Because sustainability job functions and families often don’t exist, sustainability jobs are created based on other job profiles which are not always a great match. The default goals and responsibilities and even the compensation and growth trajectories cannot just be cut and pasted to a sustainability role. Here are three things to keep in mind when hiring a sustainability role.
1. Focus to the right experience
Sustainability today looks very different from a few years ago. The value of many years of experience in a mature professions such as marketing or product development does not translate in the same way to a rapidly developing profession such as sustainability.
So if a sustainability leadership role focused on ESG is mapped to an adjacent and more developed department such as marketing, there is the risk of defaulting to the same accepted experience requirements used for leadership roles in traditional marketing roles. So while 10-plus years of experience may be a realistic expectation for a marketing director, this criteria applied to ESG or corporate sustainability role leave a very small applicant pool because sustainability only recently accelerated into the mainstream. And those with 10 years of experience might not have the specialized skillset that only recently developed. It is critical that we recognize this context and focus on hiring for the right experience over the most experience.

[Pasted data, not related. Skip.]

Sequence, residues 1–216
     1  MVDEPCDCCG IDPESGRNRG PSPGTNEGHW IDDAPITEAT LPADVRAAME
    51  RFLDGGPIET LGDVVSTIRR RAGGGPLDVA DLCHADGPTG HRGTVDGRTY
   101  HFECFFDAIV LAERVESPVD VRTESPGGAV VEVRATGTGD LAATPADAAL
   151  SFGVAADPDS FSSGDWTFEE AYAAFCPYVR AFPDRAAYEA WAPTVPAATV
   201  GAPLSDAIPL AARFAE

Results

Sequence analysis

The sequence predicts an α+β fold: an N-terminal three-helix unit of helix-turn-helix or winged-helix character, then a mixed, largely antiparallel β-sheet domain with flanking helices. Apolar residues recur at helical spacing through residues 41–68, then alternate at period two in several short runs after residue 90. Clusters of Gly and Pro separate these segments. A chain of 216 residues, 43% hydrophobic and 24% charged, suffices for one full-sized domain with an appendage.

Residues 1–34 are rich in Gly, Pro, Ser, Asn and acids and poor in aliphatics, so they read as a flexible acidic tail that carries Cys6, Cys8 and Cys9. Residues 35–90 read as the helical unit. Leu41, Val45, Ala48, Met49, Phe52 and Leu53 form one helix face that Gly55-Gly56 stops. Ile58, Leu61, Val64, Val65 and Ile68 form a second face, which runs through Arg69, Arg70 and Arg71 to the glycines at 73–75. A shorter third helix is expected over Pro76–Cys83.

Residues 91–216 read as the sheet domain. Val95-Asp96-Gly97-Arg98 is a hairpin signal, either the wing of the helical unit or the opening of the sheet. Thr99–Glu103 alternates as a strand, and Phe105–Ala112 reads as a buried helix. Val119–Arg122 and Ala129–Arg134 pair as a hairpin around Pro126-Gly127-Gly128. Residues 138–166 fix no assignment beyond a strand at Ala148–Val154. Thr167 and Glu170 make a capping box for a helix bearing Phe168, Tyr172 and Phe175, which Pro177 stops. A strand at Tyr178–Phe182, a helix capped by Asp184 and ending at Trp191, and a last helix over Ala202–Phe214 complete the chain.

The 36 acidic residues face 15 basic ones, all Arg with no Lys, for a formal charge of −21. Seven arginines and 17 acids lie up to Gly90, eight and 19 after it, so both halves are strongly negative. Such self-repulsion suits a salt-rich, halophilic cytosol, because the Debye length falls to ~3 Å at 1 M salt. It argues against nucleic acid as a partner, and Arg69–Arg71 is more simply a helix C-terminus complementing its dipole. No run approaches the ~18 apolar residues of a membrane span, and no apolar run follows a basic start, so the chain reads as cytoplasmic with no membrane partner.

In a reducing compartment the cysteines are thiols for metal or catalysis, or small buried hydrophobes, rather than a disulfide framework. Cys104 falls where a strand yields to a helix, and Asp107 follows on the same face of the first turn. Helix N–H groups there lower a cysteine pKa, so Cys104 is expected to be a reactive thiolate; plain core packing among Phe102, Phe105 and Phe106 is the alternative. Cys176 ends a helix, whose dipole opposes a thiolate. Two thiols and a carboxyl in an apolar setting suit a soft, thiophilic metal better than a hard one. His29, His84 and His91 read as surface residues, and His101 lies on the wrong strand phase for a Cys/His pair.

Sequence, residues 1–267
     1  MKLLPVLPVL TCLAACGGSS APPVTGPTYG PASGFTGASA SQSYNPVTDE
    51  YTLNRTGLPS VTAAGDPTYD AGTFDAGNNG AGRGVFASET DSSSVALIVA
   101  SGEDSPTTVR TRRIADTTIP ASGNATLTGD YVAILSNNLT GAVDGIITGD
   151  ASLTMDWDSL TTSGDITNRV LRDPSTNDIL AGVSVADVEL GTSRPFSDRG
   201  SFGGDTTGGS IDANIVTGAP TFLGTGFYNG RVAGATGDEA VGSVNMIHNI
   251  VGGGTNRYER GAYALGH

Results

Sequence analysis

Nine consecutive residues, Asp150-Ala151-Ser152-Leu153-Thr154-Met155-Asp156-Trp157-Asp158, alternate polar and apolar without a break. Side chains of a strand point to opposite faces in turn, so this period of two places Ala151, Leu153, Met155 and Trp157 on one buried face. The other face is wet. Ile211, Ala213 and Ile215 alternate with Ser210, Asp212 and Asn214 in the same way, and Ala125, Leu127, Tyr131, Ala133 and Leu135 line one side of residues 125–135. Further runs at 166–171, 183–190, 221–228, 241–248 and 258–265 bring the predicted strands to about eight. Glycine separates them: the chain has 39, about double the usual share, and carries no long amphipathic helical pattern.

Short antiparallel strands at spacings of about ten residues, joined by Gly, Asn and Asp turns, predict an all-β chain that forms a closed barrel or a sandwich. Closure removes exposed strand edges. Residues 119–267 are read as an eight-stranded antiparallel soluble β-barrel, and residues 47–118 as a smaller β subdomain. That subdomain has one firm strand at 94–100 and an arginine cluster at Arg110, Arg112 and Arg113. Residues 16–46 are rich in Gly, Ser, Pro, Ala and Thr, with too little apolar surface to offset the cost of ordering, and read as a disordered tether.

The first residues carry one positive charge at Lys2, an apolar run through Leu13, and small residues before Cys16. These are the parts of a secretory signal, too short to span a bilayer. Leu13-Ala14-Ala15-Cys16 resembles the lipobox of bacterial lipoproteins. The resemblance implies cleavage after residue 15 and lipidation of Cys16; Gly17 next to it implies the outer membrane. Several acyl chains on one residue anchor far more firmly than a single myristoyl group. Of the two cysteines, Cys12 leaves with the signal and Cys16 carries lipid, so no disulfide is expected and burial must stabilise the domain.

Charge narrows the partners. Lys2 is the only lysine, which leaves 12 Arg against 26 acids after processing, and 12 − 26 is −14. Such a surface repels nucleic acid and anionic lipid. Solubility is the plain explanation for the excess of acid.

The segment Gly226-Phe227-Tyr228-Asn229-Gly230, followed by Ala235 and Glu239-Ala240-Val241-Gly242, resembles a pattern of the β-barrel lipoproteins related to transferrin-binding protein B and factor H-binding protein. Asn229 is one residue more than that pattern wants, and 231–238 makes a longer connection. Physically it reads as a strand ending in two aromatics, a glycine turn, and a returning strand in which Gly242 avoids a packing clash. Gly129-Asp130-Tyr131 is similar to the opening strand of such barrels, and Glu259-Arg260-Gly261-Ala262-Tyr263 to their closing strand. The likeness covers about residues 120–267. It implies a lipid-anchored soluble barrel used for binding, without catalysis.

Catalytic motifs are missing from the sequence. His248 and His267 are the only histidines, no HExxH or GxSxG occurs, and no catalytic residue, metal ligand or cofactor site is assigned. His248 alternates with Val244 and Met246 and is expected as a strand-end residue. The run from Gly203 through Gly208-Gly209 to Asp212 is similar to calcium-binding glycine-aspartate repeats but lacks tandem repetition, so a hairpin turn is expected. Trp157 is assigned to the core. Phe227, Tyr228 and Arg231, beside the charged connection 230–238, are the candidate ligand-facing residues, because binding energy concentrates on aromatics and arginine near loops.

2. Create effective and empowered roles
The lack of a sustainability job framework and job family profile can also be problematic by creating biased priorities and prevent the development of holistic sustainability programs.
For example, a sustainability role based in operations may disproportionally focus on energy efficiency improvements and find these initiatives easier to prioritize with their leadership as opposed to product innovation or supply chain initiatives. This can also create unrealistic expectations for the sustainability role to heavily focus on tactical initiatives prioritized by the department the role is mapped to.